Sick of spending ten minutes every morning clearing your inbox of junk mail? Take comfort knowing you're doing it a lot less than last year. Symantec Intelligence reports that there were approximately 40 billion spam emails sent per day in June 2011, an 82.22 percent decline from the over 225 billion sent in July 2010. Symantec released this accompanying graph with their study, tracking the amount of Spam messages per day from July 2010-July 2011.
Cisco Systems studies also back up Symantec, having noticed a decline from 300 billion in June 2010 to just 40 billion in June 2011. In July 2010 those billions of spam messages were accounting for 90% of all email traffic. Now accounting for only 72.9% of all email.
Former Washington Post security reporter Brian Krebs attributes the decline to the arrest of several key hackers, and the high-profile takedowns of some of the Web's most notorious botnets.
"In the past year, authorities have taken down some of the biggest botnets and apprehended several top botmasters. Most recently, the FBI worked with dozens of ISPs to kneecap the Coreflood botnet. In April, Microsoft launched an apparently successful sneak attack against Rustock, a botnet once responsible for sending 40 percent of all junk email.
In December 2010, the FBI arrested a Russian accused of running the Mega-D botnet. In October 2010, authorities in the Netherlands arrested the alleged creator of the Bredolab botnet and dismantled huge chunks of the botnet. A month earlier, Spamit.com, one of the biggest spammer affiliate programs ever created, was shut down when its creator, Igor Gusev,was named the world’s number one spammer and went into hiding. In August 2010, researchers clobbered the Pushdo botnet, causing spam from that botnet to slow to a trickle."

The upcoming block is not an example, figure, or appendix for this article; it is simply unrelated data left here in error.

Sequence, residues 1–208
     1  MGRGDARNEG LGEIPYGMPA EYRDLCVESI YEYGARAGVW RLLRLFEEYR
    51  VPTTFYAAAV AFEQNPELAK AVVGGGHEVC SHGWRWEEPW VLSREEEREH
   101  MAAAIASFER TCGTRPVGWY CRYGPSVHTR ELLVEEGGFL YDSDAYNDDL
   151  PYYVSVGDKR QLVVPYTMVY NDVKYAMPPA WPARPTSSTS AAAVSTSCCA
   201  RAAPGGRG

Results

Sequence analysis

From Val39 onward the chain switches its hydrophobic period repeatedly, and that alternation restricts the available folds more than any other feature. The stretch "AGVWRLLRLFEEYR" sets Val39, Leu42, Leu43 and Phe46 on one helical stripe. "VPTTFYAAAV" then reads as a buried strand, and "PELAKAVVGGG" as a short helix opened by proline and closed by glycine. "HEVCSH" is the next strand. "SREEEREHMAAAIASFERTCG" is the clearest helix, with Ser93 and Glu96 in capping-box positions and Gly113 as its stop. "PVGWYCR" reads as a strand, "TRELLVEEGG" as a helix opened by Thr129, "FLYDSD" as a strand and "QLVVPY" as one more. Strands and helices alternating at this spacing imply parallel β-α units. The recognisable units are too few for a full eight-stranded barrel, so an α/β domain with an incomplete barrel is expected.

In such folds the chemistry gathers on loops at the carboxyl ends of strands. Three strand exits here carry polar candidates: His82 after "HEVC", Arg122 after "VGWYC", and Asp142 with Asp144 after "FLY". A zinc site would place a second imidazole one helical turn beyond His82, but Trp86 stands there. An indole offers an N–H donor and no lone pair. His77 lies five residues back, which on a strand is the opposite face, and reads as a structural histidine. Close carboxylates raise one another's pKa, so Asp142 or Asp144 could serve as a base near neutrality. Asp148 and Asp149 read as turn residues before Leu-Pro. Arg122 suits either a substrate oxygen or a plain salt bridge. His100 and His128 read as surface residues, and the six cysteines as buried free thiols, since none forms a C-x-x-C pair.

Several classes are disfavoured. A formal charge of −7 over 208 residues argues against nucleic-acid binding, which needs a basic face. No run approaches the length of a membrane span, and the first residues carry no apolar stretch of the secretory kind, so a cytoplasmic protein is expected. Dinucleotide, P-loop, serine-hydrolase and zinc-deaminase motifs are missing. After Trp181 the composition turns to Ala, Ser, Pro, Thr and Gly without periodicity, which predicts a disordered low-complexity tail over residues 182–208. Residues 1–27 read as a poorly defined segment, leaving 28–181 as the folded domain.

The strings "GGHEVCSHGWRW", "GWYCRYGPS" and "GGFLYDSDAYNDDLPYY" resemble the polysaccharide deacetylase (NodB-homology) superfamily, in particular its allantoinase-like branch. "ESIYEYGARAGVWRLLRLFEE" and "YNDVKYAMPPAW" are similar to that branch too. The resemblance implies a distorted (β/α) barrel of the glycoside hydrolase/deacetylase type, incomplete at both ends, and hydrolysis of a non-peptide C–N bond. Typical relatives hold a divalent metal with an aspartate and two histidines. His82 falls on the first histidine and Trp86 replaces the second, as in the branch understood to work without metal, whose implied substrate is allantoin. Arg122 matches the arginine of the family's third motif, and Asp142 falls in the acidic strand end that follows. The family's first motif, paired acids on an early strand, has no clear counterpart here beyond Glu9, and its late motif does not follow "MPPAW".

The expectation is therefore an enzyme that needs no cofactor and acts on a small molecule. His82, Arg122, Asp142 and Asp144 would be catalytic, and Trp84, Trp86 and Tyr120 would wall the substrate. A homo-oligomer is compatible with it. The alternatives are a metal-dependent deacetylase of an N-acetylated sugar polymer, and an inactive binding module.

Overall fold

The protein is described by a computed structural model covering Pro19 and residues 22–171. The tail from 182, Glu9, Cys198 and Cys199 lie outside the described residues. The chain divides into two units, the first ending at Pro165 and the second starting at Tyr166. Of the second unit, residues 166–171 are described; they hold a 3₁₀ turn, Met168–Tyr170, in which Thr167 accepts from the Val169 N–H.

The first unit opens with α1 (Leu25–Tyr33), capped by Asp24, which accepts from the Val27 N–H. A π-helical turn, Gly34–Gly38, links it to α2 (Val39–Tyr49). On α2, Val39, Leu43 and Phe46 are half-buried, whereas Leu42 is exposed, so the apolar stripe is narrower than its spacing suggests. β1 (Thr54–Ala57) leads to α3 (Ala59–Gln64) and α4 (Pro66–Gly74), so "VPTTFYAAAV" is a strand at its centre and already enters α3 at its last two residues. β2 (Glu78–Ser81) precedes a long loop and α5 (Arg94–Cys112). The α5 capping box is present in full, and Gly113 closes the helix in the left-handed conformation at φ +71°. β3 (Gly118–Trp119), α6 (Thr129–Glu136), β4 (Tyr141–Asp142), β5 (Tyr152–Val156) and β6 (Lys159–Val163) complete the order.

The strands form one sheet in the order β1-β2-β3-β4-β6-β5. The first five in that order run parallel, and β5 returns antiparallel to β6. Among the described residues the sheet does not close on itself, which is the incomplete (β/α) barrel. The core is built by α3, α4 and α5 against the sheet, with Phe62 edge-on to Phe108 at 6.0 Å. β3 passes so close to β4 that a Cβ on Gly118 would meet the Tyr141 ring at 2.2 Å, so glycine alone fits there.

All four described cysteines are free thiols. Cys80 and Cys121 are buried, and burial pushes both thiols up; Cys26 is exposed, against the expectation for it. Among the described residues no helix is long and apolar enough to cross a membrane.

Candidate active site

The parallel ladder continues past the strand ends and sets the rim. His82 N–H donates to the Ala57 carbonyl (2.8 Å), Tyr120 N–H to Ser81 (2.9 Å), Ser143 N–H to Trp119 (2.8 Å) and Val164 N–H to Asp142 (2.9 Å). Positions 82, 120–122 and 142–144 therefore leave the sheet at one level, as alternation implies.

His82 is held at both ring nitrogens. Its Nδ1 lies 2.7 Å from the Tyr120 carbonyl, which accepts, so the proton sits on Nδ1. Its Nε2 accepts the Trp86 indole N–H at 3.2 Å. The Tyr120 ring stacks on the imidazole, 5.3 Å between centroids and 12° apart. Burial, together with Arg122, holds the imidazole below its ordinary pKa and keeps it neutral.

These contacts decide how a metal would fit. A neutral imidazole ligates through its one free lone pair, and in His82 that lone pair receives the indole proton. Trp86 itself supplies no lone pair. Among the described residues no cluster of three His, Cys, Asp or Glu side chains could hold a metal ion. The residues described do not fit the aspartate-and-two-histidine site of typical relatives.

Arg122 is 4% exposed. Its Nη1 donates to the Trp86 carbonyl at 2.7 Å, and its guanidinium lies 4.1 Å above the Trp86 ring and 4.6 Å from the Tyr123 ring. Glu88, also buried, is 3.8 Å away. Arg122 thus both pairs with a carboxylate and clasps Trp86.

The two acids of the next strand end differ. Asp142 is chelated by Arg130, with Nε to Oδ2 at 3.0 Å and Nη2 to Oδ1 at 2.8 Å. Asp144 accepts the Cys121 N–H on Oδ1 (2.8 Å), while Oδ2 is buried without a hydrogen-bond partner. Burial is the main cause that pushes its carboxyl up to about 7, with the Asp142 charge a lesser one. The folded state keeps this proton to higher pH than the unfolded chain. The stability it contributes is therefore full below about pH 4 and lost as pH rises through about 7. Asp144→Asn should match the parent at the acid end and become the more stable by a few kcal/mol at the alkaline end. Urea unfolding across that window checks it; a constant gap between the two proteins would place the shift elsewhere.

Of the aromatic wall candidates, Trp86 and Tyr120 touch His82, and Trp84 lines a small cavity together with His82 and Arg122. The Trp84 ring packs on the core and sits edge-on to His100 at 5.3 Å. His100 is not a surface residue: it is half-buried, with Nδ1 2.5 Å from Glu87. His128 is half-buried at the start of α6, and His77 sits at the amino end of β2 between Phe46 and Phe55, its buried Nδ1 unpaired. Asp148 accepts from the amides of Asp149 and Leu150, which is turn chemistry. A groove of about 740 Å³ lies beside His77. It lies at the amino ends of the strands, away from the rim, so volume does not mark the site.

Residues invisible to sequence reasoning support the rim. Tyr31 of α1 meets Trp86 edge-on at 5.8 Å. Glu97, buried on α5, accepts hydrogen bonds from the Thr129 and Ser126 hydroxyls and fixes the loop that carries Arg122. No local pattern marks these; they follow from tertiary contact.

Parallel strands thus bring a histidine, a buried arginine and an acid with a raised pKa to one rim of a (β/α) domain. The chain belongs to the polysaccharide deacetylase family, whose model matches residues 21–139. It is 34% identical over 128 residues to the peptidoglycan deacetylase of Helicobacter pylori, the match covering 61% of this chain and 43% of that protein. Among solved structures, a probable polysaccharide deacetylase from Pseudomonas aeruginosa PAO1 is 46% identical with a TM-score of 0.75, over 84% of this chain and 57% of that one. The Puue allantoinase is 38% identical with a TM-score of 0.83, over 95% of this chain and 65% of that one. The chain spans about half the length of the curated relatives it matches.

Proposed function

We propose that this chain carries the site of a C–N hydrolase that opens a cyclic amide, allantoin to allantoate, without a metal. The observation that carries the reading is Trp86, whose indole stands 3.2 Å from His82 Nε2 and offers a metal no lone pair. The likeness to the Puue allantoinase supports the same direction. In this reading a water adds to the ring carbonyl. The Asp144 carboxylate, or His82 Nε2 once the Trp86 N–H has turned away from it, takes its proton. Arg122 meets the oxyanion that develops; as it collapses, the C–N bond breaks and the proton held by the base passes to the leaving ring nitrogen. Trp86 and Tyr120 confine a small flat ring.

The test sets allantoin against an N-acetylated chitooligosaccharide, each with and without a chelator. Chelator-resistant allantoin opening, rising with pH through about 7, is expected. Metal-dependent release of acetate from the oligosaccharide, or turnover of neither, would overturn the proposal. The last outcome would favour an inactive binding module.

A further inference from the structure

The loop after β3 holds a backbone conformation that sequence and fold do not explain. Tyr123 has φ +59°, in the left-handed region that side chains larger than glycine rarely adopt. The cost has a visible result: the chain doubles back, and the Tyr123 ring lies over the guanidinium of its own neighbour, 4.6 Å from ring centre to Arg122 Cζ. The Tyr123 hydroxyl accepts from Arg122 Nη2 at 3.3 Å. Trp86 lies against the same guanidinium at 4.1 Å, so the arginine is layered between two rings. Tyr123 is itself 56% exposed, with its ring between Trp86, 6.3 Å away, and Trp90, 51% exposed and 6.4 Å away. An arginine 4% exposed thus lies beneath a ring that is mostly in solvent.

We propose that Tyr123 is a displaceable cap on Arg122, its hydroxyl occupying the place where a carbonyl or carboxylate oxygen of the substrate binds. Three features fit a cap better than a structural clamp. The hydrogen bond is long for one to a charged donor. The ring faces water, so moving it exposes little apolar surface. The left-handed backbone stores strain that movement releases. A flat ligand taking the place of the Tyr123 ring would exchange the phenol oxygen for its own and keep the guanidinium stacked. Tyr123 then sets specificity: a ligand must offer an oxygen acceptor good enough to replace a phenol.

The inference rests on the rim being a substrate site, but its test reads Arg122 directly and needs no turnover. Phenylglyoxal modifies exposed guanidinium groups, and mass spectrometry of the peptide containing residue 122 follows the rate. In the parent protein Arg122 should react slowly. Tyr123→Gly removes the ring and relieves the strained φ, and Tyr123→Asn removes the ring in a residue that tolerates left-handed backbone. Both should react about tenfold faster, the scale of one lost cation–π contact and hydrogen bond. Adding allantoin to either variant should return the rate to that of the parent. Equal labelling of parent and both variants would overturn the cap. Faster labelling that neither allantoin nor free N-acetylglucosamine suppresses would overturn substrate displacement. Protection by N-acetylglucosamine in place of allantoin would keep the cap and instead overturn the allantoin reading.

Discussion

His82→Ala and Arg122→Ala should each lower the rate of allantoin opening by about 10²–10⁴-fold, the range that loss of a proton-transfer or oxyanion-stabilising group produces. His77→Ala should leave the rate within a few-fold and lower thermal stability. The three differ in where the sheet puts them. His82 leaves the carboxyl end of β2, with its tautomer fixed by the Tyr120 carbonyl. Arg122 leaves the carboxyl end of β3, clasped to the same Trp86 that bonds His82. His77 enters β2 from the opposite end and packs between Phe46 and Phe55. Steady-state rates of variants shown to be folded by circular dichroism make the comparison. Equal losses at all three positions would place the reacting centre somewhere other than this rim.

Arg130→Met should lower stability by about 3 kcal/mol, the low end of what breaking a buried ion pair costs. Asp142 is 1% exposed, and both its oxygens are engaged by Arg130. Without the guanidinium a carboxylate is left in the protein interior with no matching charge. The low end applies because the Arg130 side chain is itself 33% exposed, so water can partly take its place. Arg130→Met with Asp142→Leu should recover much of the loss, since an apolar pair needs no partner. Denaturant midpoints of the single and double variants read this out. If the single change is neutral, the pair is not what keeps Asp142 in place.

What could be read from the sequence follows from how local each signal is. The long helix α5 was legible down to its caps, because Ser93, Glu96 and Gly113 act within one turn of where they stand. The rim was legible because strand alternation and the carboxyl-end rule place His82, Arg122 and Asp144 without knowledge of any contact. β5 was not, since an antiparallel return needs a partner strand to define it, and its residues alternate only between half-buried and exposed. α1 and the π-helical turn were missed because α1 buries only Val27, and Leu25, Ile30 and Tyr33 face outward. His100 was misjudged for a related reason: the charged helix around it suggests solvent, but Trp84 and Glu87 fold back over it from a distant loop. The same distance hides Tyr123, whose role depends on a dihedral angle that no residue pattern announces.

While a Matrix 4 sounding plot has unraveled over the last year to take down some of the world's biggest spammers, Krebs reports that "the crooks behind these huge crime machines are fighting back — devising new approaches designed to resist even the most energetic takedown efforts." Like the devastating TDL-4 superbug which has already dismantled 4.5 million PCs using a peer-to-peer network that includes multiple failsafe mechanisms. Law enforcement take credit for takedowns that temporarily provide relief, but admit lasting takedowns can only be achieved by putting criminals behind bars.
How to you avoid spam and protect your computer against cyber attack?